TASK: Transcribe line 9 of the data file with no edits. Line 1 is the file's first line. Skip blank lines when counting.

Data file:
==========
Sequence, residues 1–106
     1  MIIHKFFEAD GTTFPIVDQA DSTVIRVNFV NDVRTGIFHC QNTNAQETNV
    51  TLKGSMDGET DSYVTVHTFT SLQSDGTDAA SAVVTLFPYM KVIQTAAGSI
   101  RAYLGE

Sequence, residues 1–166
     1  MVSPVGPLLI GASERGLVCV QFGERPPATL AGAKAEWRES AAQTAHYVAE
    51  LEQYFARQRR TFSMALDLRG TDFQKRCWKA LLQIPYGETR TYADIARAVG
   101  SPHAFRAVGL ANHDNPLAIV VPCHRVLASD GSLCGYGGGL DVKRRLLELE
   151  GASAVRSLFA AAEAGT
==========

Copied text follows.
   151  GASAVRSLFA AAEAGT